Chamber Symphony for Strings in C Minor, Op. 110a

Chamber symphony in C minor op. 110a is one of the most popular works of Dmitry Shostakovich.  In fact, it is not an original composition, but a masterful adaptation for string orchestra of his Quartet No 8 Op. 110. Made with the special permission of the Master in 1967 by the famous conductor Rudolf Barshai, founder and artistic director of the Moscow Chamber Orchestra.

And what is the history behind the String Quartet № 8? In the summer of 1960, Shostakovich was invited to Dresden to write music for the director Lev Arnshtam’s Five Days, Five Nights. The plot tells of eight Soviet soldiers sent to find valuable paintings stolen by the Nazis in the ruins of the city. Dmitry Dmitrievich was accommodated to compose at the government residence in the resort of Gohrisch. Experiencing a terrible depression after the pressure to become a member of the Communist Party and excited by the senseless destruction of historic Dresden in 1945 by British and American bombers, instead of the film score, he created his Quartet No 8 in three days.

The dedication written in the score reads: “In memory of the victims of fascism and war”.

We must not forget Shostakovich’s tendency to be veiled in speech, in allegory. According to the testimonies of his friends, not only in communication, but also in parody quoting or speaking in the official spirit of ideological clichés. Even more so in his works. Behind the formal dedication of the Eighth Quartet, there is another initiation. It is illuminated by a letter from the composer to Isaac Glikman: “As much as I tried to start the film music, I didn’t like it. Instead, I composed a quartet that was unnecessary and ideologically unsustainable. I thought that if I died suddenly, hardly anyone would write and dedicate a work to my memory. So I decided to do something similar myself. “In memory of the composer of this quartet” should be written on the cover.
The leitmotif of the quartet are my initials D.Sch. The quartet also includes themes from my works, as well as from the revolutionary song “Tortured by Severe Trouble”… The theme of Wagner’s mourning march from “Twilight of the Gods” and also Tchaikovsky (the second theme from the first part of the Sixth Symphony) pass briefly… The result was a nice mixture. The pseudo-tragedy of this quartet is such that as I wrote it, I shed as many tears as you shed after half a dozen mugs of beer. When I got home, I tried to play it twice, and tears came to my eyes again. But no longer only because of its pseudo-tragedy, but also because of the astonishment of the wonderful integrity of the form. “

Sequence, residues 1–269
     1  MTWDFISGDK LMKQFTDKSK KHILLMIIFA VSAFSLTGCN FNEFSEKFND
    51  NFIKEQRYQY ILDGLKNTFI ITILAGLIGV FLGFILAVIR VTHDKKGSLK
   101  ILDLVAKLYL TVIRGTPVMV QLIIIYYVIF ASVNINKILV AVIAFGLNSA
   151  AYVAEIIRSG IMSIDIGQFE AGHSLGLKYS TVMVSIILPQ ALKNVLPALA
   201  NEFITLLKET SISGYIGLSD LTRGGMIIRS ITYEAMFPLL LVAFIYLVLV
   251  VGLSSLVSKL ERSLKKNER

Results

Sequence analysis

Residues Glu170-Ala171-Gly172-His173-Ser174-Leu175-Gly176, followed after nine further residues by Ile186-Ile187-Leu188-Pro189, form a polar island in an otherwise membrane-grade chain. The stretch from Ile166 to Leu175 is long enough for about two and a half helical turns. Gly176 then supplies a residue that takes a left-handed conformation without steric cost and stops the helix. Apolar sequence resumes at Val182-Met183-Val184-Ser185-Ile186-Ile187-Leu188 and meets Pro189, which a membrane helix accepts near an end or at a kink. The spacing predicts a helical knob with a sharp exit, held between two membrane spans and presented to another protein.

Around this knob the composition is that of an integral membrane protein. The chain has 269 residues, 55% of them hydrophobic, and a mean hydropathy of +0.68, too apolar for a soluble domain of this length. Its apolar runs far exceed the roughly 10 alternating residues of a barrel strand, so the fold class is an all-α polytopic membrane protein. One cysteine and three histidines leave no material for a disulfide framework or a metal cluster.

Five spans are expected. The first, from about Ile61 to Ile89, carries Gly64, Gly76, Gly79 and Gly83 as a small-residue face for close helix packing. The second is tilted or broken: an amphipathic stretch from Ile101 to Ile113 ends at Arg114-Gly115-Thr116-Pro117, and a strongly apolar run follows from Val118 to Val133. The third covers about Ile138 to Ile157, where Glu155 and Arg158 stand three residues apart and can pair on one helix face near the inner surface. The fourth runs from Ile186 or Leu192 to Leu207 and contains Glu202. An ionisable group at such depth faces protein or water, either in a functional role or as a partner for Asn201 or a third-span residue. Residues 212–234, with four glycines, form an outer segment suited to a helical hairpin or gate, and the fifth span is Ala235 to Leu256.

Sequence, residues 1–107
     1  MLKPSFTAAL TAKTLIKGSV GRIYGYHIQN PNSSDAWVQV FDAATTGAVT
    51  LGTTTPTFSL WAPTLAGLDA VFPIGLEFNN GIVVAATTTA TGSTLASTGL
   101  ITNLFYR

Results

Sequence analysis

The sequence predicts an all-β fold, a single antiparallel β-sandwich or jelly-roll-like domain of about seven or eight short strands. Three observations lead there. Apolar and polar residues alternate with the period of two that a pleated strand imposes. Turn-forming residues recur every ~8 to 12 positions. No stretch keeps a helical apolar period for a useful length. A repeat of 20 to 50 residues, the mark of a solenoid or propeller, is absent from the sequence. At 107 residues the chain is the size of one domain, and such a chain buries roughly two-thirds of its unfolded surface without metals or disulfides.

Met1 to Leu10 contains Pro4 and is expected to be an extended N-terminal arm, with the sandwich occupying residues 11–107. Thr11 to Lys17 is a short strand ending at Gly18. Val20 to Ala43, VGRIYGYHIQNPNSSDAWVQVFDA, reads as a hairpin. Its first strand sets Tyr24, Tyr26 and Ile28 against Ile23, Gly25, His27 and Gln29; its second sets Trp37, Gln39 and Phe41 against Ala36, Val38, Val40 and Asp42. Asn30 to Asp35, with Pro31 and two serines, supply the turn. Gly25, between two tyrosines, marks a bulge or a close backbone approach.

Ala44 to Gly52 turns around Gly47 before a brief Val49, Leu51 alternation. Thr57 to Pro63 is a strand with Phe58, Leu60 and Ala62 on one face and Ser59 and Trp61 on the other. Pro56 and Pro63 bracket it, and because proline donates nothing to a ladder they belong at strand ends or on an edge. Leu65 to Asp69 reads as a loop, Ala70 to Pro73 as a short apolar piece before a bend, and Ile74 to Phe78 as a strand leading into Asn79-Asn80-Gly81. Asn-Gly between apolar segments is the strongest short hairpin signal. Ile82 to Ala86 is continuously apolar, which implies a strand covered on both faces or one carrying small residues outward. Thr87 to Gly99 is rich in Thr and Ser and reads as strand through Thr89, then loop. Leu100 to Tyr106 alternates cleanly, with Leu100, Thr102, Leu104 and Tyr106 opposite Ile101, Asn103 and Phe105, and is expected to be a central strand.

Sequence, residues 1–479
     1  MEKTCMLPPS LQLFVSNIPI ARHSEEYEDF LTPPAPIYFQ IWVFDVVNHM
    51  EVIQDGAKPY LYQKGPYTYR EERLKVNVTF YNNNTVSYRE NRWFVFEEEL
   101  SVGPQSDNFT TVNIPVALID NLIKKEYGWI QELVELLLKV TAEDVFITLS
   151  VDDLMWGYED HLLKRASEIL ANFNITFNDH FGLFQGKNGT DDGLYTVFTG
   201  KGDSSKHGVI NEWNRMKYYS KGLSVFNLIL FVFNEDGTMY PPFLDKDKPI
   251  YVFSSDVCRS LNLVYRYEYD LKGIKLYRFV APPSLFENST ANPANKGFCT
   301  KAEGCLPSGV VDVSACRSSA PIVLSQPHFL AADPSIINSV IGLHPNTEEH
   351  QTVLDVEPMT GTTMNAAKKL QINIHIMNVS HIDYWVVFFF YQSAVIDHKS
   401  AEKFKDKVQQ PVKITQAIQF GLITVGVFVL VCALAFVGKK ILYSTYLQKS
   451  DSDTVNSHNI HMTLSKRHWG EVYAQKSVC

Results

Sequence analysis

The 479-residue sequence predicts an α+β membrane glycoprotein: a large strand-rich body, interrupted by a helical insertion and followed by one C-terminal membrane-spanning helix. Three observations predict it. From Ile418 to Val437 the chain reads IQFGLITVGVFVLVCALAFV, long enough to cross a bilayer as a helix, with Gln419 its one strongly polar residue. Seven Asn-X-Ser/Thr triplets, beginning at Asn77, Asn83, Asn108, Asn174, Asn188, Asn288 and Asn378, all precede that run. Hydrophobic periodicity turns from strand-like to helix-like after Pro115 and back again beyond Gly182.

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The memory of Stalin’s terror, of fear, of killed illusions, of one’s own humiliations, is poured into this penetrating autobiographical work. The leitmotif of the DSCH sound monogram permeates the entire quartet. Shostakovich also cites themes from his iconic works written in different years: the First, Fifth, Seventh, Eighth and Tenth Symphonies, the Piano Trio and the First Cello Concerto, the opera Lady Macbeth of the Mtsensk District. The five parts of the cyclic form pass into each other without interruption – the sorrowful first part, the demonic dance of death, the ironic waltz, the frightening abrupt chords at the beginning of Part IV, cutting through the musical epitaph for the victims (according to Maxim, Shostakovich’s son, they symbolize the ominous knocks on the door with which the KGB invades the night), the mourning finale-fugue.

After the premiere performance of the Quartet No 8 in Leningrad on October 2nd, 1960 by the Beethoven Quartet, Rudolf Barshai received an order from Peters Publishing House to rewrite the quartet for string orchestra. The composer was initially skeptical, but when he became acquainted with the orchestration, he approved of the score and exclaimed:”Sounds better than the quartet in the original! We will give the work a new name – Chamber Symphony Opus 110a” . Barshay orchestrated 4 more of the string quartets and recorded them for Deutsche Grammophon. As a token of gratitude, Shostakovich dedicated his Symphony № 14 to the conductor and the Moscow Chamber Orchestra.

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